New Delhi/Mumbai: Unhappy with the small sample size of television viewership ratings provided by the independent firm TAM Media Research Pvt. Ltd, the broadcast industry has revived plans to set up its own Broadcast Audience Research Council, or BARC, to offer alternative ratings.
The Indian Broadcasting Foundation (IBF), which represents general entertainment channels, said it will soon commission a study of the number of television viewing households across India and divide them into categories based on income levels.
This data will form the basis on which future viewership trends will be measured, IBF president Jawahar Goel told Mint. A tender for the Rs6-8 crore project will soon be issued and the research agency will be selected on the basis of financial and technical bids, he said.
Advertising worth Rs11,000 crore depends on these ratings, as they help advertisers decide which channels, and what time slots, to advertise on. Advertisements are the primary source of revenue for television channels.
Broadcasting industry executives, advertisers and cable television distributors proposed setting up BARC during a recent meeting in New Delhi with officials from the information and broadcasting ministry, including minister Ambika Soni.
The minister asked the industry stakeholders about the time frame they had in mind for setting up BARC, Goel said. The industry, he added, is ready with the articles of memorandum for BARC, which will be registered under section 25 of the Companies Act.
BARC is being mooted because the number of people meters—box-like devices used to measure TV viewing preferences of a family—installed by TAM was too small to offer reliable ratings, said a senior television executive.
“The 7,000 boxes across 160 towns are simply not representative enough. Also, cable operators get to know where the boxes are installed and charge higher carriage fees, paralyzing the broadcasters,” he said on condition of anonymity.
TAM chief executive L.V. Krishnan could not be reached for comments.
A TAM spokesperson had earlier told Mint the agency uses 8,000 peoplemeters and, since 2009, had spread to towns in Maharashtra with populations below 100,000.
The idea of setting up an industry-led peoplemeter system was first proposed two years ago. But it didn’t go too far after Pradeep Guha, who was spearheading the project, stepped down as chief executive of Zee Entertainment Enterprises Ltd.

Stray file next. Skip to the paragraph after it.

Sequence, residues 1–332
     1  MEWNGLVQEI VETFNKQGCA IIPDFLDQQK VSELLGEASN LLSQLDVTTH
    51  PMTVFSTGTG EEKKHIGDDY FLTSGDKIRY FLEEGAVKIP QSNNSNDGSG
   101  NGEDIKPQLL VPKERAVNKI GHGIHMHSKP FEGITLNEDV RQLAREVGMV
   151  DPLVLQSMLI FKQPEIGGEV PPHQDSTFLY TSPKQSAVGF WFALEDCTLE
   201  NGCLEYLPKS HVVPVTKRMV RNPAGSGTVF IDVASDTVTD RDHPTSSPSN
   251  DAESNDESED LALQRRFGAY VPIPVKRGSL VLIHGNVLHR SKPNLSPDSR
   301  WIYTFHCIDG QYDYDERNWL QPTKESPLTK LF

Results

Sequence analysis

The broadcast executive quoted above said advertisers did not require the weekly ratings offered by TAM. “Such ratings bring distortions in programming behaviour and lead to reactive programming,” he said.
The Indian Readership Survey, which measures the readership of print publications, comes out twice a year. That’s sufficient for print buys, the executive said.
Advertisers are divided over the idea of a second television ratings agency. Srikanth Raman, general manger of Starcom MediaVest, said standard ratings form a single source worked best for the industry.
“You can’t deal in pounds one day and decide that it’s dollars the next day. That’s what is happening with television,” he said.
Most market research products, he added, face criticism from stakeholders. “But you can’t just migrate from one research product to another,” he said.
Raman also pointed out that TAM had been conducting television research for 8-10 years. It must not be blamed every time a broadcaster’s ratings dip, he said.
But Lynn de Souza, chairperson and chief executive, Lintas Media Group, defended IBF’s move to revive BARC. Broadcasters and other stakeholders owned research data in most countries, she said.
“The problem (in India) is that we are at the mercy of the research companies. We can recommend changes as customers, but we don’t own the data,” she said.
After the BARC plan was first announced in 2008, TAM had claimed it had increased its sample size and introduced a digital sample. “But at the end of the day, these are just claims and (are) not ratified by a third party,” de Souza said. “And that’s the main issue.”